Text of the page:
During jury selection, Joseph’s counsel began using a laptop computer to access the internet, intending to obtain information on prospective jurors. Defense counsel objected and the following exchange took place:
THE COURT: Are you Googling these [potential jurors]?
[PLAINTIFF’S COUNSEL]: Your Honor, there’s no code law that says I’m not allowed to do that. I — any courtroom —
THE COURT: Is that what you’re doing?
[PLAINTIFF’S COUNSEL]: I’m getting information on jurors — we’ve done it all the time, everyone does it. It’s not unusual. It’s not. There’s no rule, no case or any suggestion in any case that says — …
THE COURT: No, no, here is the rule. The rule is it’s my courtroom and I control it.
[PLAINTIFF’S COUNSEL]: I understand.
THE COURT: I believe in a fair and even playing field. I believe that everyone should have an equal opportunity. Now, with that said there was no advance indication that you would be using it. The only reason you’re doing that is because we happen to have a [Wi-Fi] connection in this courtroom at this point which allows you to have wireless internet access.
[PLAINTIFF’S COUNSEL]: Correct, Judge.
THE COURT: And that is fine provided there was a notice. There is no notice. Therefore, you have an inherent advantage regarding the jury selection process, which I don’t particularly feel is appropriate. So, therefore, my ruling is close the laptop for the jury selection process. You want to — I can’t control what goes on outside of this courtroom, but I can control what goes on inside the courtroom.
In making his ruling, the trial judge cited no authority for his requirement that trial counsel must notify an adversary and the court in advance of using internet access during jury selection or any other part of a trial. The issue is not addressed in the Rules of Court.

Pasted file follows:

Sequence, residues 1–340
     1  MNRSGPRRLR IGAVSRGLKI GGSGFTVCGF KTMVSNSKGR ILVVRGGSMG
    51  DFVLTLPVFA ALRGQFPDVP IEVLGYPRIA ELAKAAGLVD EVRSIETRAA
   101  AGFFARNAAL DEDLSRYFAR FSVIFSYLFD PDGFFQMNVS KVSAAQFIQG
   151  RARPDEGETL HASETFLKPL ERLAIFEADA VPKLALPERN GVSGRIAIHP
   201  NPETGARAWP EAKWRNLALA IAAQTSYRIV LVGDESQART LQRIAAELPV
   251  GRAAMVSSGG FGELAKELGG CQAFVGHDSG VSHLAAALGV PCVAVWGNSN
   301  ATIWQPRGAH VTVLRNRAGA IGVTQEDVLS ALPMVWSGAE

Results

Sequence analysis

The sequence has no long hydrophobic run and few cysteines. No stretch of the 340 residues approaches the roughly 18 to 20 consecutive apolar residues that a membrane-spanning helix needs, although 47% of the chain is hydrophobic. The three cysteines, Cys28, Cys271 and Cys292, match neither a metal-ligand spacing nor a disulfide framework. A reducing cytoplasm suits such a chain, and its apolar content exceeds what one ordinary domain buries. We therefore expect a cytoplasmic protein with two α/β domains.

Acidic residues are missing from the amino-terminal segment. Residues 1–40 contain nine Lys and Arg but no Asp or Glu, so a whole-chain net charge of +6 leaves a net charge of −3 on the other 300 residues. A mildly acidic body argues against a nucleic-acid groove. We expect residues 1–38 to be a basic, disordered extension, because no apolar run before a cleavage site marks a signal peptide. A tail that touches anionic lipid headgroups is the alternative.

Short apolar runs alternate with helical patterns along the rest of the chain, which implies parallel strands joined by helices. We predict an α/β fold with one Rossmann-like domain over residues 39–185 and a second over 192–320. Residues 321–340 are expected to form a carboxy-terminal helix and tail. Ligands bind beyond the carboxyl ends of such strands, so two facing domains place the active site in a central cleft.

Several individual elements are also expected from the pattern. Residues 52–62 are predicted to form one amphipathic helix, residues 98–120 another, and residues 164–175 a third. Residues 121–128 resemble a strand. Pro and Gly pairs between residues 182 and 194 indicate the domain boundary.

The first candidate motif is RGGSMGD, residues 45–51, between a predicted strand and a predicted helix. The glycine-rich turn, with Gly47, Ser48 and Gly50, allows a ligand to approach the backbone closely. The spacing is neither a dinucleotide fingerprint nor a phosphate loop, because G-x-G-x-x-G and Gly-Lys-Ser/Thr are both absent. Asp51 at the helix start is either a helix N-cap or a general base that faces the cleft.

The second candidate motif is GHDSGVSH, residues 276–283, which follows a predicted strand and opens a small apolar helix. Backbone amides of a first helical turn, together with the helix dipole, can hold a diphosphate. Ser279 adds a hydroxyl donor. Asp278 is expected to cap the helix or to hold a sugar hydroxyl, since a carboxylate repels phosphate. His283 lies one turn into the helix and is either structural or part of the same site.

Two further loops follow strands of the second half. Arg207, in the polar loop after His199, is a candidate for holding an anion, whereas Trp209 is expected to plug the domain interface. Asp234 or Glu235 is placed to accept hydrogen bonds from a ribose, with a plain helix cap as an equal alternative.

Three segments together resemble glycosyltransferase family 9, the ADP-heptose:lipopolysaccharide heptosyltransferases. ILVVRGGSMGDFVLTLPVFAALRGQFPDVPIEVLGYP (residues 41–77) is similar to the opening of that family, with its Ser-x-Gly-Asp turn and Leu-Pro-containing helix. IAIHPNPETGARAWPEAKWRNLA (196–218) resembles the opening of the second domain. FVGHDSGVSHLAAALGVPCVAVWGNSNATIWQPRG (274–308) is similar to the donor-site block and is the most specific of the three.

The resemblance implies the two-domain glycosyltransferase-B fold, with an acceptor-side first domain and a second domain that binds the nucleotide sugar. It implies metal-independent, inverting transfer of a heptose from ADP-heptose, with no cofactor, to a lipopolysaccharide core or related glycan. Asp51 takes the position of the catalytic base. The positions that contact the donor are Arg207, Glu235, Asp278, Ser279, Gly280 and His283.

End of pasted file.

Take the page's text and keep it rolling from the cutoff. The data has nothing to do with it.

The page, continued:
We note, however, that on April 25, 2008, the trial court administrator for the Morris/Sussex Vicinage issued a press release announcing that “wireless internet access” had become available throughout the Morris County Courthouse to “maximize productivity for attorneys” and other court users. The press release quotes the assignment judge as stating that the “courthouse enhancement allows court users” to “access online databases.” There is nothing in the press release, or elsewhere as far as we can determine, that requires attorneys to notify the court or opposing counsel in advance of their intention to take advantage of the internet access made available by the Judiciary.
Despite the deference we normally show a judge’s discretion in controlling the courtroom, we are constrained in this case to conclude that the judge acted unreasonably in preventing use of the internet by Joseph’s counsel. There was no suggestion that counsel’s use of the computer was in any way disruptive. That he had the foresight to bring his laptop computer to court, and defense counsel did not, simply cannot serve as a basis for judicial intervention in the name of “fairness” or maintaining “a level playing field.” The “playing field” was, in fact, already “level” because internet access was open to both counsel, even if only one of them chose to utilize it.
For more, see this law.com story.